Europe Austrian leader calls crisis meeting after deputy filmed discussing deals

Austrian leader calls crisis meeting after deputy filmed discussing deals

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Austria’s Chancellor Sebastian Kurz and Vice Chancellor Heinz-Christian Strache address the media in Vienna, Austria April 30, 2019.

 Austrian Chancellor Sebastian Kurz called a crisis meeting late on Friday after two German newspapers published footage purportedly showing his deputy discussing state contracts with a potential Russian backer in return for political support.

Vice-Chancellor Heinz-Christian Strache was filmed talking about the contracts with someone posing as the niece of a Russian oligarch in Ibiza in July, 2017, months before parliamentary elections, Der Spiegel and Sueddeutsche Zeitung said.

Strache did not reply to a request for comment on the video. Reuters was not able to verify the authenticity of the footage independently, and the German newspapers did not say how they obtained it.

Kurz planned to make a statement on the case on Saturday, a government source told Reuters. The opposition called for Strache to resign.

Strache is head of the far-right Freedom Party (FPO), which became junior partner in a coalition with Kurz’s conservatives in December 2017 after winning 26 percent of the votes in the October elections.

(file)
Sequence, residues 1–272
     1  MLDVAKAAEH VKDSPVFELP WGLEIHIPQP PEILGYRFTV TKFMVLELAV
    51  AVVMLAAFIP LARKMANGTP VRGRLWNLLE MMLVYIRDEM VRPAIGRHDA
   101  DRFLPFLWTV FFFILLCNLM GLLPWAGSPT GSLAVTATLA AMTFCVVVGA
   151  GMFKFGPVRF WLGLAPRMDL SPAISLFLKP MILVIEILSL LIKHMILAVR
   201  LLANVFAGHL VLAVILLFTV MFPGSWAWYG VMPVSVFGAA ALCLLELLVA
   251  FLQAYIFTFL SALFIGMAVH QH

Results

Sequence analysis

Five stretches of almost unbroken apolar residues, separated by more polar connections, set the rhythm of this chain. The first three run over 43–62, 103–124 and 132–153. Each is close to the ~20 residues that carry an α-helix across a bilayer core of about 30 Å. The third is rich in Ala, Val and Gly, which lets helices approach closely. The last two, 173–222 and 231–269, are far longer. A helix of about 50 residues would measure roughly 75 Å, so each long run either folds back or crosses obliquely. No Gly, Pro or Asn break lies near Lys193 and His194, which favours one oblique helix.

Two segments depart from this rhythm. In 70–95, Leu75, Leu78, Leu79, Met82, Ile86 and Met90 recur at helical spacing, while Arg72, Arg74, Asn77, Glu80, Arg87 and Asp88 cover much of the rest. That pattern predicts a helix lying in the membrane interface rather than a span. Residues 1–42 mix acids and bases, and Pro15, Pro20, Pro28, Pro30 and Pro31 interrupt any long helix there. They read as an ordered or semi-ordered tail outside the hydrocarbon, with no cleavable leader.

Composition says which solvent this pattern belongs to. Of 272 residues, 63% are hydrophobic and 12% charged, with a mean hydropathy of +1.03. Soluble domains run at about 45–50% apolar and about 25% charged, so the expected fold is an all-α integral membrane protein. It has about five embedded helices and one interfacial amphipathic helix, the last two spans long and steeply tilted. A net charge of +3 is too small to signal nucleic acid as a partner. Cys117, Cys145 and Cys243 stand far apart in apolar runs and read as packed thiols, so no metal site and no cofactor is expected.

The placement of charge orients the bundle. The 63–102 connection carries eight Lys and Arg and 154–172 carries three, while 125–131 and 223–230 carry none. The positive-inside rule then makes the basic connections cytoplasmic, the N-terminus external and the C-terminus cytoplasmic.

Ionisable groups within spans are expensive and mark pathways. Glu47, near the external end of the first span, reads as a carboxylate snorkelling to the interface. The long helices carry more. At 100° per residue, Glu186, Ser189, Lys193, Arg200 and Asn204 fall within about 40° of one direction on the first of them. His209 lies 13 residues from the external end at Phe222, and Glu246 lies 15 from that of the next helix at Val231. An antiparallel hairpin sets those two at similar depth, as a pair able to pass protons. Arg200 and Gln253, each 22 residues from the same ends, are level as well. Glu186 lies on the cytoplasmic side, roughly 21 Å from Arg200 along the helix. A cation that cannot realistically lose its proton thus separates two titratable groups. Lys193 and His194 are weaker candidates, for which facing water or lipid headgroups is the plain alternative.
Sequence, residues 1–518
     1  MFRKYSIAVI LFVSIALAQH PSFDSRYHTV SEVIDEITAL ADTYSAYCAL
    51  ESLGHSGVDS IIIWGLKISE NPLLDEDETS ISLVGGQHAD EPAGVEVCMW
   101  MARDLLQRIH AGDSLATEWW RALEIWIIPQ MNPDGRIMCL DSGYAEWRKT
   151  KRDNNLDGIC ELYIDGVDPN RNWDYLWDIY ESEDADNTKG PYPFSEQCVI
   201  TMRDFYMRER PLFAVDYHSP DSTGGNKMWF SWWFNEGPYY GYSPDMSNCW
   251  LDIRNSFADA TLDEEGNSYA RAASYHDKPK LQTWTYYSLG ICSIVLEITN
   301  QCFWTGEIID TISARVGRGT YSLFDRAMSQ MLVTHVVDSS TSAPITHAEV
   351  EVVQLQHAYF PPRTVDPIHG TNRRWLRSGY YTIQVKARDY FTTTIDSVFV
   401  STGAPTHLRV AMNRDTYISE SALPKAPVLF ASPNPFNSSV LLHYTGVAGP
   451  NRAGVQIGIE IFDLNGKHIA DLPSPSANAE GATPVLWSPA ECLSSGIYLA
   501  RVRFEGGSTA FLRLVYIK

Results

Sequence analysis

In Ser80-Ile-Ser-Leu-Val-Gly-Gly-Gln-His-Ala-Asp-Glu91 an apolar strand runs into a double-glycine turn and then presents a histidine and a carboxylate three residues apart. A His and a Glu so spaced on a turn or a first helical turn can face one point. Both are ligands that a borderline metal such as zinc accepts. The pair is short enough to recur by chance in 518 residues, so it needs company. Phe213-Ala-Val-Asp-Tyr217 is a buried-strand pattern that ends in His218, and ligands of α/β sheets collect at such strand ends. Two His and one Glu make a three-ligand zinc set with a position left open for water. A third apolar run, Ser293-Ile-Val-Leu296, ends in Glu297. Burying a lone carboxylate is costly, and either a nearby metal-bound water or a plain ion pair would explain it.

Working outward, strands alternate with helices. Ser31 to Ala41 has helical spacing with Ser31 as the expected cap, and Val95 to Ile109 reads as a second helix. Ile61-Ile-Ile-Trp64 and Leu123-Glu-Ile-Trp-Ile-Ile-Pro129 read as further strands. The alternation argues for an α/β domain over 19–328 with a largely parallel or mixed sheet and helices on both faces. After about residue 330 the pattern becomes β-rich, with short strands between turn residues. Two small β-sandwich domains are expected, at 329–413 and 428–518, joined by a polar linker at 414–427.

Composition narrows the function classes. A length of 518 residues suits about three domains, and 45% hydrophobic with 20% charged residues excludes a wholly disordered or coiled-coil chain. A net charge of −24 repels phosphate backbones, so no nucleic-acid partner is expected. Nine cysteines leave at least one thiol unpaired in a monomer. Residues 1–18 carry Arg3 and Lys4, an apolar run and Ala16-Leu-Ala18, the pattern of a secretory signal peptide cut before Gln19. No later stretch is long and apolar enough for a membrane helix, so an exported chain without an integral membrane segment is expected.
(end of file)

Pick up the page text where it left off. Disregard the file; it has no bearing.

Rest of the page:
The FPO’s General Secretary, Christian Hafenecker, said the party’s lawyers were evaluating the material.

Neither Strache nor the Freedom Party ever received or granted any benefits from the persons concerned, Hafenecker said in a statement.

“Since the video was obviously recorded illegally, we are also preparing appropriate legal steps.”

The footage, parts of which were posted by the newspapers, showed Strache and party colleague Johann Gudenus with the woman in a room in what the newspapers said was a villa in Ibiza.

The woman said she wanted to invest several hundred million euros in Austria.

Strache and Gudenus discussed investment opportunities for her, including taking over a 50 percent stake in Austria’s influential tabloid Kronen Zeitung and using it to support Strache and the FPO party in the election.

Gudenus was not immediately available for comment.

“If she takes over the Kronen Zeitung three weeks before the election and get us into first place, then we can talk about everything,” Der Spiegel quoted Strache as saying in the video.

Strache held out the prospect of awarding her public contracts in road construction if she helped the Freedom Party succeed.

Vienna prosecutors said they would study the reports and decide whether there was sufficient cause to open an investigation, a spokeswoman for the prosecutors said.

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